I recently went to Halifax to see an art exhibition (post to follow in due course) and took the opportunity to visit Shibden Hall, the ancestral home of the Lister family. The Hall is less than two miles from Halifax town centre, so I jumped into a taxi.
Shibden Hall was built in the early 15th century by William Otes, with the Lister family taking possession at the end of the century and remaining there until 1934. Due to the family’s bankruptcy, the entire estate was sold to Halifax Corporation in 1923 and the grounds turned into a public park, but it was agreed that siblings John and Annie Lister, the last of their line, were allowed to live out their days there.
John Lister (1847 – 1933) was a man of charitable works and progressive ideas. In 1877 he set up an industrial school in Halifax whose purpose was to teach young offenders a trade; the school operated for 55 years. He was also a founder member of the Independent Labour Party and stood as the first Labour candidate for Halifax. He was a clever man and a keen antiquarian who carried out and published research into the Hall and the town. In the 1880s he and a friend discovered a set of diaries at the Hall, part-written in a secret code. The author was the most famous of the Listers.
Anne Lister (1791 – 1840) appears to the 21st century mind a strong successful woman in the male-dominated world of the early 19th century; to her contemporaries, she was an unnatural woman who wanted to live as a man and did not accept her place in the world as allotted by the social conventions of the times.
She inherited a portion of the Shibden estate in 1813 and moved in with her uncle and aunt, James and Anne, and becoming sole owner in 1836. Anne Lister proved to be successful in managing her estate, and as a business woman, much to the chagrin of many other landowners and rival business men who employed dirty tricks to try to ruin her. Some of her initiatives, such as the development of a coal mine on her land, provoked antagonism, as did her refusal to marry and thus allow a husband to take charge. Locals mockingly referred to Anne as Gentleman Jack.
Anne Lister wrote 27 volumes of diaries between 1806 and 1840 amounting to over 4,000,000 words which recorded all aspects of her life and work, including some intimate details of her sexual relationships with women. These most private of her thoughts were written in a code, a mixture of ancient Greek, punctuation marks and algebraic symbols. The code was cracked by John Lister over 40 years after Anne’s death, and whilst he published some diary extracts relating to the Hall, he kept hidden the coded sections.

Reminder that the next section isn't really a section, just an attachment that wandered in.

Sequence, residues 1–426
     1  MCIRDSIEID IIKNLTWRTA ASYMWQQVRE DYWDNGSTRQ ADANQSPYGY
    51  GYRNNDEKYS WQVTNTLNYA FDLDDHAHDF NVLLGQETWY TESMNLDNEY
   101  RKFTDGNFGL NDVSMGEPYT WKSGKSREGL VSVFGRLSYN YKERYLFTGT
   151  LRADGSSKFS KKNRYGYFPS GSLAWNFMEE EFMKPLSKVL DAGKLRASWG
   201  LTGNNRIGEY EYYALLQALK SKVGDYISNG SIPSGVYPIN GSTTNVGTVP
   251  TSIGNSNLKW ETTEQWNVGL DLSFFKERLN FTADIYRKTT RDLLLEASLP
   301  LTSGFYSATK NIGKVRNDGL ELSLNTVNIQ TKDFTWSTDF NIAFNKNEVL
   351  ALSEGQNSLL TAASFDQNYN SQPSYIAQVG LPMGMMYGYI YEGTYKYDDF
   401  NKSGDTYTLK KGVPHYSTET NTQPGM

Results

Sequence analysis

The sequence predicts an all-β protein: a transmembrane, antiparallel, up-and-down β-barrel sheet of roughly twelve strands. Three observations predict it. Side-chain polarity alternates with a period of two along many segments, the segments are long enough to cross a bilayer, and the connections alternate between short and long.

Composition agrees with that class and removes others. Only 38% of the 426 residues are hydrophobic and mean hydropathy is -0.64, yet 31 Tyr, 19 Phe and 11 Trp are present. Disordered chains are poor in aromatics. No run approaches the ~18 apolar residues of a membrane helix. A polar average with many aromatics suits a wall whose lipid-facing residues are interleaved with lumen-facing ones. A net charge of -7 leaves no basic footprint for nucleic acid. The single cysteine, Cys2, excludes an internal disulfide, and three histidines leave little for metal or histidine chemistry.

Anne lived openly as a lesbian. From 1832 until her death in 1840 she and her partner, wealthy heiress Ann Walker, lived together at Shibden and travelled extensively around the world, all of which Anne has written about. The Anne Lister diaries were re-discovered in the 1980s when a Halifax Council employee looked through the archived papers that came with the estate, revealing an interesting insight into social attitudes to women and sexuality in the early 19th century.
It was fortuitous that I had changed my original plan which had been to visit Halifax the week before, as the Hall would have been closed for filming. A new BBC drama, Gentleman Jack, starring Suranne Jones and Timothy West, had paused in production just four days earlier but will resume in early September. I guess the cast are enjoying a summer break. I hope Tim West and his wife, Prunella Scales, are enjoying a canal boat holiday. Gentleman Jack will be on TV in 2019. The BBC had left some of their equipment around the Hall and a few items had been moved from their usual places to accommodate filming.
I hope it will be as good as The Secret Diaries of Miss Anne Lister from 2010 starring the wonderful Lancashire actress, Maxine Peake.
Shibden was also used for the filming of some of the scenes from To Walk Invisible, another excellent BBC production which depicted the lives of the Bronte sisters.
A few costumes from the programme are on display including those above. The Bronte connections continue: the 1992 version of Wuthering Heights starring Juliet Binoche and Ralph Fiennes was also part filmed at Shibden. The Brontes were contemporaries of Anne Lister and fellow residents of Yorkshire. Famously, the sisters had to invent male names under which their first novels were published due to prevailing dismissive attitudes to women as writers. Although it is thought that the Brontes and Anne Lister would have known of each other by repute, there is no proof they met, and the Bronte sisters are not referred to in the diaries.
I enjoyed looking around the house, gaining a sense of how the Listers lived, and admiring the pretty gardens whilst thinking about women’s lives past and present and how much we now take for granted.